Crown Example - before and after

Crown - Before ImageCrown - After Image

What is a dental crown?

Crowns are made from porcelain or metal, or a mixture of both and are placed over your natural tooth or root to restore your natural bite and improve your smile. It is sometimes called a “cap” and is used where the tooth is root-filled or where there is a large amount of natural tooth lost and a filling, alone, will no longer be possible. It can also help to support a bridge or part denture.

Back molar teeth are replaced with all-metal crowns, under NHS regulations, but you will always be given the opportunity to choose a white (tooth coloured) crown. In the front of your mouth, where your bite is less heavy, purely porcelain crowns may be used. These are not as strong as bonded or metal crowns but allow for less tooth to be removed during preparation. New “all-ceramic” crowns are made from reinforced porcelain and provide a metal-free alternative for back teeth, which has been proven to combine the increased strength of a bonded crown with the more natural appearance of a purely porcelain crown.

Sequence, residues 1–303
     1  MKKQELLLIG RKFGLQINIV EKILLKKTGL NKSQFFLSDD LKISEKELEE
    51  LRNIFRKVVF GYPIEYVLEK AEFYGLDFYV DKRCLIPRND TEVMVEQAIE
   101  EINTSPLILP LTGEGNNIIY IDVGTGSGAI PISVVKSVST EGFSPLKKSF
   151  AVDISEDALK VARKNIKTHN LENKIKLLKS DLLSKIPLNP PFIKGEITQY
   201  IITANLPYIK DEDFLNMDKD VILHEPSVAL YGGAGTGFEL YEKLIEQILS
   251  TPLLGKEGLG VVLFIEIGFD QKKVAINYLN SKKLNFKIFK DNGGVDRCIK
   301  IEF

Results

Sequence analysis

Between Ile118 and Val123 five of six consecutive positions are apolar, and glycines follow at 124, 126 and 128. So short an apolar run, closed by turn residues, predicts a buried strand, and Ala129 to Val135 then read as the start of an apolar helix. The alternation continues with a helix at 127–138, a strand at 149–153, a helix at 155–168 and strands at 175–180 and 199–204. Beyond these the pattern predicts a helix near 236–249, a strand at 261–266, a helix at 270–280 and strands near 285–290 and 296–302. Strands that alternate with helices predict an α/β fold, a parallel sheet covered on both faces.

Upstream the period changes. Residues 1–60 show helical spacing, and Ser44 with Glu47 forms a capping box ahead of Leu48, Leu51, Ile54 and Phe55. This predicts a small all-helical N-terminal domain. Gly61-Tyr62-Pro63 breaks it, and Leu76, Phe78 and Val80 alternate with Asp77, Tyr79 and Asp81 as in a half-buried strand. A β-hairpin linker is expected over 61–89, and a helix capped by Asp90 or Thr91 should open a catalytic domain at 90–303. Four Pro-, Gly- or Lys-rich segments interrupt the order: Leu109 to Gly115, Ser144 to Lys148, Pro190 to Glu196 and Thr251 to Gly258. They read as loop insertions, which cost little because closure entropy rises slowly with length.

How is a Dental crown made?

The crown will be prepared over at least 2 visits and you will wear a temporary crown in between, where appropriate. The preparation feels much like getting a large filling and is carried out under local anaesthetic. The tooth is reduced in size leaving a strong central core, unless the tooth has been previously root treated. If this is the case, your dentist may use the root of the tooth to help support the finished crown, with a post, as not enough healthy tooth remains above the gum line. A mould of your teeth will then be taken and sent to the dental technician who will prepare a crown which matches your surrounding teeth, in shape and colour, as agreed with your dentist. At the next visit, the crown will then be fitted and may feel unusual at first, as your bite will be slightly different from your natural tooth or temporary crown, but this feeling should disappear after the first week. Your dentist is able to adjust your crown, in the small proportion which require it.

How much do dental crowns cost?

Crowns vary in cost depending on the material the crown is made from and the time the crown takes to prepare in the surgery and in the dental lab. Your crown should last for many years if properly cared for. This means cleaning between your crown and natural teeth with toothbrushing and interdental cleaning. Remember, your crown is fitted onto natural tooth which is susceptible to dental decay, as are all of your natural teeth.

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